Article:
Republicans fail in second bid to amend START

WASHINGTON (Reuters) - A second Republican bid to amend President Barack Obama’s strategic nuclear arms treaty with Russia failed during debate in the Senate on Sunday and top Democrats expressed confidence they would have the votes to approve the accord.

But growing Republican anger over the amount of business Democrats have crammed into the final weeks of the current legislative session further eroded support for the treaty. Senate Republican leader Mitch McConnell and Senator Lindsey Graham both said on Sunday they would vote against the pact.

Graham, who joined Democrats in voting to bring the treaty to a debate in the Senate, told CBS’s “Face the Nation” program “I’m not going to vote for START” in the current legislative session that ends in early January. He had been considered a potential supporter of the accord.

“If you really want to have a chance of passing START, you’d better start over and do it in the next Congress because this lame-duck has been poisoned,” Graham said, referring to the legislative session that followed the November congressional elections.

Democrats have been pushing to pass the treaty before the new Congress takes office because their Senate majority was reduced from 58-42 to 53-47. The treaty could also face weeks of delay as more than a dozen new lawmakers get up to speed on the issue.

The treaty needs 67 votes for approval in the 100-member Senate. It moved to the Senate floor for debate with a two-thirds majority that included Graham. The senator’s decision to vote against it raised questions about whether Democrats could ultimately muster the votes for passage.


But Vice President Joe Biden and other top Democrats expressed confidence they would ultimately have the votes to approve the pact.

The New START treaty, signed by Obama and Russian President Dmitry Medvedev in April, would require the former Cold War adversaries to cut deployed strategic nuclear warheads to no more than 1,550 each within seven years.

President Barack Obama speaks before signing the Healthy, Hunger-Free Kids Act of 2010 at Harriet Tubman Elementary School in Washington December 13, 2010. REUTERS/Kevin Lamarque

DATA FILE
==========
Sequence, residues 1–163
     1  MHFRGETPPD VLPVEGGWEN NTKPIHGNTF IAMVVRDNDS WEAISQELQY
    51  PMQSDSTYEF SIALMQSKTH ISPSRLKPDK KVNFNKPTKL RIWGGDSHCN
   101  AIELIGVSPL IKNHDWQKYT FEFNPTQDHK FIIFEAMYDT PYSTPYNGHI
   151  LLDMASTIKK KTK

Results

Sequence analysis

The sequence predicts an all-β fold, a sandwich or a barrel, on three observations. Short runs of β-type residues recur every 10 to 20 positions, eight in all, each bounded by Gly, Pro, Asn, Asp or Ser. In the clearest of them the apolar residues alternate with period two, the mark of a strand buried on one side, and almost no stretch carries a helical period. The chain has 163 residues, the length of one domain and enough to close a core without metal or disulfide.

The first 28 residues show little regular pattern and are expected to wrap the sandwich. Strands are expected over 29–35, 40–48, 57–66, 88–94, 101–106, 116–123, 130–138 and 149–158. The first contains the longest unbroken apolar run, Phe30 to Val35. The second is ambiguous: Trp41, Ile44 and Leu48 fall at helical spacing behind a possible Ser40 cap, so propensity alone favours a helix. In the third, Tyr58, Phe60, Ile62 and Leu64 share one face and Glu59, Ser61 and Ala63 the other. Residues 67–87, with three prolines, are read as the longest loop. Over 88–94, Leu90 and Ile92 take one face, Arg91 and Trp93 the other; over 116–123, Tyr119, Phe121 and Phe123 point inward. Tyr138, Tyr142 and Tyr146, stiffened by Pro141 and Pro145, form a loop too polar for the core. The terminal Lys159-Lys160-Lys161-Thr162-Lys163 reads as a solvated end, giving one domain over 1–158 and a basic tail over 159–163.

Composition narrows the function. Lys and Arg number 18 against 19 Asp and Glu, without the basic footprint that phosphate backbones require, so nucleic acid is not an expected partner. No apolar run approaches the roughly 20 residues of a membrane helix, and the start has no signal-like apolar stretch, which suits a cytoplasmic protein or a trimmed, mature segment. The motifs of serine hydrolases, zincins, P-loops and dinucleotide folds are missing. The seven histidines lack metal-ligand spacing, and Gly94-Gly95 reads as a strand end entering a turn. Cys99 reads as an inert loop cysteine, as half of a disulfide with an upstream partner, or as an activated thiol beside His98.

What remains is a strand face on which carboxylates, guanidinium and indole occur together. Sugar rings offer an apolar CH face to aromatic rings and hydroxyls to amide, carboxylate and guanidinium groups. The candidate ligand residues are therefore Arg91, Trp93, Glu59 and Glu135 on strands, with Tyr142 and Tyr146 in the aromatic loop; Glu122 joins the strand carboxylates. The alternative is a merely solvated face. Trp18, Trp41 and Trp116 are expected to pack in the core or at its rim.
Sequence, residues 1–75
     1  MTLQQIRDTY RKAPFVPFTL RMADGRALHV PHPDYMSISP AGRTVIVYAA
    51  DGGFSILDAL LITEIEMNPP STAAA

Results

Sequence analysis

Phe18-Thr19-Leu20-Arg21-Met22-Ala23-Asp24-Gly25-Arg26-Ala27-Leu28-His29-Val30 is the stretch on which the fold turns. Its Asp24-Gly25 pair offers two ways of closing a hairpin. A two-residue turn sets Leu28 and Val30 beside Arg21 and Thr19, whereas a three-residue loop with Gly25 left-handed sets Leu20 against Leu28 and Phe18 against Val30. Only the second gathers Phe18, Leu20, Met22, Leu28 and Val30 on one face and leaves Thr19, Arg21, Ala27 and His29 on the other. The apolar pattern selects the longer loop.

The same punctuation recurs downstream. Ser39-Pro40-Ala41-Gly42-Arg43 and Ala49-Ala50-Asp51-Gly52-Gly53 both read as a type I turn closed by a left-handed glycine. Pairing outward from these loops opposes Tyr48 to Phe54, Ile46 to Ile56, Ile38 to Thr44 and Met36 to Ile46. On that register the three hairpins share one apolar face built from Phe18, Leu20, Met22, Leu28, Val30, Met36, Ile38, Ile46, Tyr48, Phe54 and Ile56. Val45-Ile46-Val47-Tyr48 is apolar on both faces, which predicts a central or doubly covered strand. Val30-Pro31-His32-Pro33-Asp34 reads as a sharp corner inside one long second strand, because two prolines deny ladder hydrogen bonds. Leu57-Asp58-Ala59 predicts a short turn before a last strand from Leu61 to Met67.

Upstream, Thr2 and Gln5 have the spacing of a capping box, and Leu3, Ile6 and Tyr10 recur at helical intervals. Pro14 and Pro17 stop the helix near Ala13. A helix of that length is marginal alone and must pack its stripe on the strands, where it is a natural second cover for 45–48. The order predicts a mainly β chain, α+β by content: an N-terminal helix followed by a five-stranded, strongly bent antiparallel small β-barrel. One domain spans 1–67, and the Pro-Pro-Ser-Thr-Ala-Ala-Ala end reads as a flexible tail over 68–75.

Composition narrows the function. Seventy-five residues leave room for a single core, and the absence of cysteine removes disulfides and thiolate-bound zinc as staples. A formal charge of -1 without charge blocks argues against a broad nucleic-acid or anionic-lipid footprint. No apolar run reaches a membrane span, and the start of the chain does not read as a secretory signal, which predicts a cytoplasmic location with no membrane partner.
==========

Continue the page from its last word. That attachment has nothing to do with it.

It also would reduce the number of deployed strategic missiles and bombers to 700 for each side and establish a verification and inspection system to ensure they abide by terms of the agreement.

Debate on the treaty was expected to continue at least through Tuesday, with Republicans planning to seek additional changes to both the treaty and the accompanying resolution of ratification.

Republican Senators concerned about the large disparity in tactical, short-range nuclear weapons between Russia and the United States rallied behind a treaty-killing amendment on Sunday that would have inserted a reference to the issue in the preamble of the accord. The amendment was defeated 60-32.

Democratic Senator Robert Casey said members of both parties were concerned about Russian tactical nuclear weapons but there was a simple reason the New START nuclear treaty did not address them -- because it is an agreement dealing with strategic, or long-range, atomic arms.

Russia is believed to have about 2,000 deployed tactical nuclear weapons, versus 500 for the United States, according to the Federation of American Scientists. U.S. lawmakers fear the weapons are less securely stored and could fall into the hands of extremist groups.

They also fear the Russians are more likely to use them.

“To the Russians, tactical nuclear weapons are a battlefield weapon just like artillery,” said Republican Senator Jon Kyl, who has been a critic of the START agreement. “Their military doctrine is to actually use those weapons.”

Kyl said U.S. negotiators should have used Russian interest in a new treaty on strategic weapons as leverage to get them to commit to talks on shorter-range nuclear arms.

“I don’t know whether it was because of a lack of direction from the commander-in-chief or poor negotiation, but one way or another we got snookered,” Kyl said. “We got snookered on missile defense. ... We got snookered on tactical nuclear weapons. We got snookered on verification.”

Democratic Senator John Kerry, who as chairman of the Foreign Relations Committee led the floor debate, said passage of START was a prerequisite for beginning talks on tactical nuclear weapons.

“If we don’t pass the START treaty, if we can’t reach a bilateral agreement on the reduction of strategic weapons, there will be no discussion about tactical weapons,” Kerry said. “That’s as plain as day.”

Additional reporting by Richard Cowan, John Crawley and Tabassum Zakaria; Editing by Mohammad Zargham and Eric Walsh